Denver’s Mobile Accord Raises $6.6M to Take Pulse of Developing World
When Colorado entrepreneur James Eberhard started developing content for cell phones in the early 2000s, the most advanced thing they could do was blast out tinny-sounding ringtones and send out text messages.
Eberhard, founder and CEO of Denver-based Mobile Accord, turned those ringtones into a company worth about $40 million when he sold it in 2004, and through Mobile Accord he has turned text messages into a vital fundraising tool for nonprofits. Now, Mobile Accord wants to use texts to enable nonprofits, humanitarian organizations, and businesses to gather the opinions of hard-to-reach people in the developing world, and today the company announced it has raised $6.6 million and unveiled its newest product, GeoPoll.
Mobile Accord was founded in 2005, and it more or less invented the mobile donation industry with its mGive platform. If you’ve sent a text message that’s donated $5 or $10 for relief services to aid hurricane, tornado, or flood victims, the nonprofit almost certainly used mGive to collect and process the donation.
With GeoPoll, Mobile Accord thinks it has a product that will turn mobile phones into research tools for humanitarian organizations, governments, and businesses.
“The world is changing. Developing nations in Africa and Asia are growing at historic rates. Yet for any organization trying to better understand these regions, they’re largely running blind in terms of market intelligence,” Eberhard said in a release.
The recently closed funding was officially Mobile Accord’s Series A round, and brings the total amount raised by the company to $11.6 million.
These days, Mobile Accord dominates the market for mobile donation services. Nonprofits using mGive have raised about $72 million, and Mobile Accord processes about 85 percent of all donations made in the U.S. by text messages, president Steve Gutterman said. The company’s big breakthrough came following the 2010 Haitian earthquake, which was the first time donating to nonprofits through mobile phones became a mainstream phenomenon. Most recently, it has helped raise money for victims of the floods that inundated areas around Boulder in September.
GeoPoll has the potential to be an even more lucrative product. GeoPoll uses short message service, or SMS, to send mobile phone users survey questions. It takes about 5 to 10 minutes to go through a survey, and agencies can reward respondents with credit on their phone bills.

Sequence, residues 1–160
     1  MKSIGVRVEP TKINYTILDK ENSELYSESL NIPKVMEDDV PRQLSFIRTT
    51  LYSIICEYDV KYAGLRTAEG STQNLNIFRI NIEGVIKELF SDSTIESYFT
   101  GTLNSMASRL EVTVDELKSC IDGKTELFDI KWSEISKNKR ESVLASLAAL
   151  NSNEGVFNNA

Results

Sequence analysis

While Mobile Accord launched GeoPoll today, select nonprofits and nongovernmental organizations (NGOs) have been using it for a couple years. GeoPoll’s appeal is that it can reach and survey people faster and cheaper than traditional methods like face-to-face surveys. It works in places with very limited access to the Internet and gives voice to people who previously were unreachable, Gutterman said.
“We’ve been able to get some pretty profound data for people, and part of it is the power of asking people who’ve never had a voice before,” Gutterman said.
One example is the World Food Programme, a humanitarian agency that is affiliated with the United Nations. The WFP has used GeoPoll to monitor the progress of its nutrition program in the Democratic Republic of the Congo and it polled 140,000 people in a single day.
Mobile Accord has developed a methodologically sound process to collect its data to give clients relevant and reliable information from representative samples. It can survey people anywhere with the exception of North Korea, Gutterman said.
GeoPoll will be available in 42 markets by the middle of next year. NGOs and governmental agencies in those markets distribute about $45 billion in aid and spend about $4.5 billion to monitor their programs, according to Gutterman.
Getting a small amount of that could be a big deal for Mobile Accord, but the really big money could come from market research firms and businesses that are trying to sell products in rapidly developing parts of the world. By the end of 2014, GeoPoll will have about 500 million people in its network that it can survey, Gutterman said.
Mobile Accord has not disclosed who invested in either of its rounds, but Gutterman said it has not raised money from traditional venture capital firms. Instead it has relied on a small number of high-net-worth individuals in Colorado and the New York City-area to raise funds.
They’re still expecting a high return on their investment, though, and Mobile Accord thinks it can deliver.
“There is a real opportunity for meaningful revenue here,” Gutterman said. The market for NGOs alone “is a $5 billion-plus addressable market, we have no direct competitors, and it’s a highly fragmented and inefficient market. So it doesn’t take many percentage points of market share to get to a pretty interesting company.”
Mobile Accord’s leaders have shown they can make money from mobile phones. Eberhard’s prior company was 9 Squared, which sold ringtones and other content for mobile phones before the dawning of the smartphone era. He sold 9 Squared to a British company in 2004 for a reported $40 million.